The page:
West indian culture

Exhibition celebrating Qatar-Japan Year of Culture opens in Tokyo

Doha: “Dialogue of Papers – A legacy of Qatar Japan Year of Culture”, an exhibition organized as part of the Years of Culture program to mark 50 years of diplomatic relations between Qatar and Japan, opened its doors on Friday in Tokyo .

The opening took place in the presence of the Chargé d’Affaires representative of the Qatar Embassy in Japan, Sheikh Hamad Nasser Hamad Khalid Al Thani. The exhibition, featuring 28 pieces by prominent Qatari artists Yousef Ahmad and Japanese artist Hayaki Nishigaki, will be on display at the popular 3331 Arts Chiyoda center in Tokyo, Japan through June 30.

Years of Culture was established in 2012 by the President of Qatar Museums, Sheikha Al Mayassa bint Hamad bin Khalifa Al Thani, to promote mutual understanding, recognition and appreciation between Qatar and the world. Since then, the Years of Culture program has enjoyed remarkable success in its mission to partner with the UK, Brazil, Germany, Turkey, India, France and other countries over the past decade.

The Chargé d’Affaires of the Qatari Embassy, ​​Sheikh Hamad Nasser Hamad Khalid Al Thani, during the opening.

Opening the event, the Acting Deputy Director of Curatorial Affairs at MATHAF: Arab Museum of Modern Art, Dr Aisha Al Misnad, who also curated the exhibition, said: “Dialogue of Paper is a special exhibition that marks the 10th anniversary of the Year of Qatar in Qatar. Culture and celebrates 50 years of strong ties between Qatar and Japan. In fact, Japan was the first partner of the Year of Culture, and we are privileged to be able to exhibit these amazing pieces that represent the lasting artistic collaborations that the exchange has initiated. At Qatar Museums, we believe that when cultures connect, we create beautiful things. As a result of this collaboration, the exhibition is a true embodiment of this feeling.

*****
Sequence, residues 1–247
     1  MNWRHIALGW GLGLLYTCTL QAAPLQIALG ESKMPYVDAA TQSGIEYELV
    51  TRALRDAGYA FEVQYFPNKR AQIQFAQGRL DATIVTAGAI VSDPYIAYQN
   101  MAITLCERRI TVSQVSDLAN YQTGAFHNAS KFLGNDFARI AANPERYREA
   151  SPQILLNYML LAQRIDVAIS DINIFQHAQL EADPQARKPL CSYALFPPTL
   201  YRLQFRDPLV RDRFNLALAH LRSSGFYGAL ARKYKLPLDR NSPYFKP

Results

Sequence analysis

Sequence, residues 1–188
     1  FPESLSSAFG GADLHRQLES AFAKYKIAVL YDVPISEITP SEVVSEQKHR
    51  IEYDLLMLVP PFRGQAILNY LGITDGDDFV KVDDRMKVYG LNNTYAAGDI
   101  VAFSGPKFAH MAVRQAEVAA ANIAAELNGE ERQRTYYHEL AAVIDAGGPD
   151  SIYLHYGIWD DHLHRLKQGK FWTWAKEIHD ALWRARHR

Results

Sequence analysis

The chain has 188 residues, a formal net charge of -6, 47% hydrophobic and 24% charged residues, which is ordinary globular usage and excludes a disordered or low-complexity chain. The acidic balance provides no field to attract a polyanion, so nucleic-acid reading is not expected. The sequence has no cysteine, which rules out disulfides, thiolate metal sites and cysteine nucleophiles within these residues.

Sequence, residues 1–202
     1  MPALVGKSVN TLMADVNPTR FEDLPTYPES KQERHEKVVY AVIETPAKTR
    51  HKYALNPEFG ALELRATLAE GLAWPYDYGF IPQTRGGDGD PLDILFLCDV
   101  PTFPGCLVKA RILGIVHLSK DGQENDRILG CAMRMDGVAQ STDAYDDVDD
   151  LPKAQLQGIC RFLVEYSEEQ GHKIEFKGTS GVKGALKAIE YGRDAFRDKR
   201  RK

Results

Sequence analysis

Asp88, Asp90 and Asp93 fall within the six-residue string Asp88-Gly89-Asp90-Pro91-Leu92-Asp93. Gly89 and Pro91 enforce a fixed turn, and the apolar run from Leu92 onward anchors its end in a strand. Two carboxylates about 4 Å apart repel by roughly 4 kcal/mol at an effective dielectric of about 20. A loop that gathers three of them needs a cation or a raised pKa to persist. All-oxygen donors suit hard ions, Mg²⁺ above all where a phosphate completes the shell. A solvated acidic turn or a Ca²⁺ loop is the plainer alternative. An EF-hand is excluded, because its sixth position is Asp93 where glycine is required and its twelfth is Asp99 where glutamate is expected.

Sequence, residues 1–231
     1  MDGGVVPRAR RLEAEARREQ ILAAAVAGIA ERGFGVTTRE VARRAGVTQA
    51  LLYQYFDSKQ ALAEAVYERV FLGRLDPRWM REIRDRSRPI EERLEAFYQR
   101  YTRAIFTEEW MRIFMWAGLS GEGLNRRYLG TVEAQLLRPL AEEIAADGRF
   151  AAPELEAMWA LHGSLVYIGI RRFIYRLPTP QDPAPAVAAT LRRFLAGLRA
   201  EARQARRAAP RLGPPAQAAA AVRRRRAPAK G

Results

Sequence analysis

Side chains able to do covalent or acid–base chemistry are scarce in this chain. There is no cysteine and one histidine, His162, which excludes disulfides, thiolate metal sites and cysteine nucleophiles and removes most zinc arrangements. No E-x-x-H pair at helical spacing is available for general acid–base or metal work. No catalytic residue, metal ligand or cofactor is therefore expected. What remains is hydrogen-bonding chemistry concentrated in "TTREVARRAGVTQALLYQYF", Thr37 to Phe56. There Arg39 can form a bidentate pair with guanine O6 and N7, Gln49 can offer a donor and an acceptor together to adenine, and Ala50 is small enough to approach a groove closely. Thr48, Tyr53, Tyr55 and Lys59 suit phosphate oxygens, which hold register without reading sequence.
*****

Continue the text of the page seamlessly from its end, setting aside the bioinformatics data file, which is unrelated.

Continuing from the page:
“Dialogue of Paper” is the result of an incredible collaboration between Yousef Ahmad and Hayaki Nishigaki that highlights the similarities between the cultural practices of papermaking and calligraphy in Japan and Qatar.

Together, Ahmad and Nishigaki mixed Japanese washi paste – a richly historic symbol of Japanese culture – with paste made from the fronds of the Qatari palm tree, considered a blessed tree in Arab and Islamic culture. The result was a neo-hybrid article that served as a literal medium, while representing the fusion of two different environments and cultures. Each artist then applied their own interpretation of calligraphy to the paper to create a unique visual vernacular that explores both the difference and the similarity between the two cultural traditions.

A special piece embodies the beauty that emerges when cultures connect. “We have made nations and tribes of you so that you may know one another” takes up a verse from the Koran, chosen by Yousif Ahmad, which expresses the importance of a good relationship between the different nations.

The chosen verse is represented by a circular phrase in the center of the work, with Nishigaki decorating the space in his own artistic style. In a symbolic turn of events, the resulting artwork corresponded to the style of Arabic calligraphy called “Jeli Diwani”.

Ahmad first practiced this type of Arabic calligraphy in 1970, which coincidentally also marked the beginning of the relationship between Qatar and Japan.


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